I wanted to be a teacher my entire life. I honestly can't remember a time when I didn't want to teach, and in all those years, there was this image in my head of sitting in a big ole rocking chair reading to my students while they hung on every word, eyes lit up with excitement and wonder, and smiles as wide as the room!
Fast forward to the actual job of teaching, and often times, we see children sitting on the carpet for Story Time and that sparkle and curiosity is dim. Not at all like in the idealistic pictures of my youth.
Some years ago, I was calling my first graders to the carpet for a lesson using one of my favorite books. I hear a collective "ugh" from several of my kiddos. Now, this wasn't a groan I heard very often, so I had to investigate.
I asked, "Why the groaning? You don't want to listen to a great story?"
The response? "Every time you read to us, we have to DO something".
My first reaction was to assume the kids didn't want to do the work. And then I really got to thinking about it. Why is it that every single time we, as teachers, bring a book out, it's followed by an activity, a test, or some other assignment? When did we stop JUST READING to our kids?
There was always a catch! "I'll read you a great story, but you're going to have to work when we're finished!"
Many children had never had the opportunity to just listen to and immerse themselves in a story. It made me sad, and I knew that as much as I loved my teachers reading to me as a kid, I wanted to pass that along.
I know with all of the standards we have to teach, and the push to maintain the integrity of our instructional time that we are left with very little "extra" time. I also know that there are those who believe that read alouds with no assignment are a waste of time, or "fluff" as I was once told.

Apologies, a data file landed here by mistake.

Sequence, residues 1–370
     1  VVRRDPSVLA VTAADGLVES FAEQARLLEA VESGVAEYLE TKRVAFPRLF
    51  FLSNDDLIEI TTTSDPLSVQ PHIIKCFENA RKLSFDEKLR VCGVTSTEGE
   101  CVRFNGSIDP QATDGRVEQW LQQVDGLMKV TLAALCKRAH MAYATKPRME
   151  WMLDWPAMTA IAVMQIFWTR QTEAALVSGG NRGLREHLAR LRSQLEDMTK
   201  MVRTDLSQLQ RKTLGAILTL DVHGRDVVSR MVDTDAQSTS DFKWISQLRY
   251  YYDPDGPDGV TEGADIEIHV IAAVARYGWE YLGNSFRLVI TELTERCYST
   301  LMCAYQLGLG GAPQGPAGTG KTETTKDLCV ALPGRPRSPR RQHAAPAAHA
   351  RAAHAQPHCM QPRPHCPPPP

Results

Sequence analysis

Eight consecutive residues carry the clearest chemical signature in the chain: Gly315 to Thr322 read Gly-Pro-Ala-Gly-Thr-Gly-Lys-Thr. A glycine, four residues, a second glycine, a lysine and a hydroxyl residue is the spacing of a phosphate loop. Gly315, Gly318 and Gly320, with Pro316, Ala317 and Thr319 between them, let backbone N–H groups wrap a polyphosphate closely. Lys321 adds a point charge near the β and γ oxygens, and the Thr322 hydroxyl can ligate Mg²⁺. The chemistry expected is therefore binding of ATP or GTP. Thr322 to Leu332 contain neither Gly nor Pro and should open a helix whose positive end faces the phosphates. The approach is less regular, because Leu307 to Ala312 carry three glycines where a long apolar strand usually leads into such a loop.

How can teaching children the love of reading and books be fluff or a waste of time? As a first grade teacher, that is one of my most important jobs...to instill a lifelong love of learning.
A gift. Don't you just love the thought of that? With each story read, you are giving a gift to your students. That idea just makes me happy.
Now, don't get me wrong, I'm a huge proponent of incorporating literature into every area of my teaching and into all subject areas. Most of the books in my classroom library are tied to a lesson that I will teach at some point, and all of those lessons involve an activity or assignment for my kids. Close Reading is one of the best things I have done in my classroom, and I am a huge supporter of teaching kids to THINK about text; however, I think we need to find some balance, too.
I read this quote by the wonderful Mem Fox, as she was talking about speaking to parents about reading. She said "When I say to a parent 'read to a child', I don't want it to sound like medicine, I want it to sound like chocolate".
I want that too. I want kids to think of books like I think of chocolate... perfect and wonderful...and something I can't wait to get my hands on!
So, I say, it's okay to JUST READ.
Because it teaches children to JUST listen, JUST imagine, JUST dream, JUST wonder, JUST think, JUST love books.
What do you think?